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Robot’s Gambit: Watch Out, the Robots are Coming for Us

This article is for all those people who think that Asimov’s Three Laws of Robotics are real. They’re not, and the robots appear to be coming for us. Two seemingly unrelated articles caught my eye on the morning of July 25. The first article described the unfortunate death of a motorcyclist due to being rear-ended by a Tesla AV (autonomous vehicle) operating in Tesla’s Autopilot mode on Interstate 15 just south of Salt Lake City. The second article discusses how a chess-playing robot in Russia broke a young opponent’s little finger when the 7-year-old boy tried to make a move out of turn.

The first accident occurred after 1 am, so it was quite dark. Motorcycles have only one tail light. They’re often invisible to the eye in the dark, especially if they’re painted entirely in matte black paint. (I don’t know the color of this particular motorcycle.) Obviously the Tesla didn’t see the motorcycle. The Tesla’s driver said he didn’t see the motorcycle either.

This Tesla vehicle accident is the type of incident that’s getting far too familiar. According to a July 18 Reuters report, the US National Highway Traffic Safety Administration (NHTSA) “has opened 37 special investigations of crashes involving Tesla vehicles where advanced driver assistance systems such as Autopilot were suspected of being used.” One of those special investigations involves a crash of a 2021 Tesla Model Y vehicle that killed a motorcyclist on the Riverside Freeway in southern California on July 7, 2021. The report also states that a “total of 18 crash deaths were reported in those Tesla-related investigations, including the most recent fatal California crash.”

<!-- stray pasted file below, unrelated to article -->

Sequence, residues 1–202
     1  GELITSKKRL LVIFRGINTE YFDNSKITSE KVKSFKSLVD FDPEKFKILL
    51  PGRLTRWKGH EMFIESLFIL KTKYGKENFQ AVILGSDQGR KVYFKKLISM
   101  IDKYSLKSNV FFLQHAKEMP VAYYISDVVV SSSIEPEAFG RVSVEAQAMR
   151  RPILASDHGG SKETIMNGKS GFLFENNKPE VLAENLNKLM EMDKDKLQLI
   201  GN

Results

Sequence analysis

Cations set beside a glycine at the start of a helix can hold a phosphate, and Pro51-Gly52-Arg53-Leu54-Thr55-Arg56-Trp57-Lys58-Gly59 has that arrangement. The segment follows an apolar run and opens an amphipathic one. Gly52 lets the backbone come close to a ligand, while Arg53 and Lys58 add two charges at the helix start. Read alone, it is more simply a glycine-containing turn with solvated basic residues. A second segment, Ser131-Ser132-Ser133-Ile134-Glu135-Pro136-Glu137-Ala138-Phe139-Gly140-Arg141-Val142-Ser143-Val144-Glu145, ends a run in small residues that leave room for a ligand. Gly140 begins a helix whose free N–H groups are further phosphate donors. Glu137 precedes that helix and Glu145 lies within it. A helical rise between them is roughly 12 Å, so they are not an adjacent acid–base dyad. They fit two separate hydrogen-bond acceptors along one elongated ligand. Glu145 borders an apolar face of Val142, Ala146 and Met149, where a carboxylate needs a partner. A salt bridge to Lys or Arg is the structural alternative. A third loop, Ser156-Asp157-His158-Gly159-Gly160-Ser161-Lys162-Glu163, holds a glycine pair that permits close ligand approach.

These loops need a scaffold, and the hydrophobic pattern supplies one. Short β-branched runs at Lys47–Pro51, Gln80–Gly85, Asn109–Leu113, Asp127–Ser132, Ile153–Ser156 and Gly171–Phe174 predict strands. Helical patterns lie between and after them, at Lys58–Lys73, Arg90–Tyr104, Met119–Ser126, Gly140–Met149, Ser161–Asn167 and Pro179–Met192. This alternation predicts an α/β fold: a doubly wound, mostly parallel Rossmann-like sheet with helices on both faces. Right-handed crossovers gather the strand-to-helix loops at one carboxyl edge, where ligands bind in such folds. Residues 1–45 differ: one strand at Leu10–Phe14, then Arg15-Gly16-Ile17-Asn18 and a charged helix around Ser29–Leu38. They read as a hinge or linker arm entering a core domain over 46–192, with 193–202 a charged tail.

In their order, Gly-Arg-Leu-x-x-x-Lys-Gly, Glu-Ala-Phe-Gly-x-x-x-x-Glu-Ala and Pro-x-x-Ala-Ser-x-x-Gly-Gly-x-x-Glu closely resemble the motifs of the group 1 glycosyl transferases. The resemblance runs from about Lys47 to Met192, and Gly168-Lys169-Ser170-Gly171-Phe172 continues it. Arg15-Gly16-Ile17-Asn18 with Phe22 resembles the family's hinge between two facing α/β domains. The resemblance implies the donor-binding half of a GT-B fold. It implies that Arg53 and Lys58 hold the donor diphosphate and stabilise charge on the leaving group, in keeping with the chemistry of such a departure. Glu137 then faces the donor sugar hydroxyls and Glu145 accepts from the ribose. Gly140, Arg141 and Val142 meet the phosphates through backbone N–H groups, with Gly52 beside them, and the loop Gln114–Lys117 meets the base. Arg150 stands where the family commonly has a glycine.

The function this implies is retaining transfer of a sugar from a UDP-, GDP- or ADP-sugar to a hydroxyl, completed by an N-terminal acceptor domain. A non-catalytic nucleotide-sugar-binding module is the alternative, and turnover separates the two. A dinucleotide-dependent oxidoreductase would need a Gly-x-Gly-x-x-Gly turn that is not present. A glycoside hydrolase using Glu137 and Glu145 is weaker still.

As for the chess-playing robot incident, an article in The Guardian reported on the incident and a video published by Guardian Sport on YouTube shows the industrial robotic arm taking one of the boy’s chess pieces. The boy then makes a quick reply by moving his rook. The robotic arm grabs his finger before he finishes moving his rook and refuses to release the finger. Two adults quickly rush in to free the boy’s hand.

The Moscow Chess Federation rented the robot for an exhibition during the Moscow Chess Open competition. The article in The Guardian quotes Sergey Lazarev, president of the Moscow Chess Federation, who says, “The robot broke the child’s finger. This is of course bad.” The child that the robot injured is ranked in the top thirty players in the Federation’s “under-nine” category. Sergey Smagin, vice-president of the Russian Chess Federation, said “There are certain safety rules and the child, apparently, violated them. When he made his move, he did not realize he first had to wait.” Apparently, in Russia, there are very serious consequences for breaking rules, even in chess competitions. Despite being injured and having his hand put in a cast, the young man returned the next day and finished playing in the tournament.

Although these two incidents may seem unrelated, I think they’re both closely related. In both cases, we’re dealing with robots interacting with people in a mixed environment, with injurious or deadly results. A Tesla automobile operating on Autopilot is a wheeled robot traveling along an Interstate highway at 70 or 80 mph in a field of traffic where most vehicles are being operated by people. One mistake causing two vehicles to occupy the same location at the same time can and does cost people their lives. 

The chess-playing robotic arm is also operating in a mixed environment, although a much smaller one: a chess board. In this case, the robot and the child’s hand occupied the same space at the same time. Fortunately, the young chess player suffered only a fractured little finger, instead of losing the finger. In George Lucas’s original Star Wars movie during another chess-like game, Han Solo told C3P0 that “…droids don’t pull people’s arms out of their sockets when they lose.” Apparently, Han Solo never visited Russia in the Millennium Falcon.

Many readers of EEJournal may be shocked to learn that there are people in our society who believe that Isaac Asimov’s Three Laws of Robotics are, in fact, real, and that robots are benign. Asimov’s three laws are:

  • First Law: A robot may not injure a human being or, through inaction, allow a human being to come to harm.
  • Second Law: A robot must obey orders given it by human beings except where such orders would conflict with the First Law.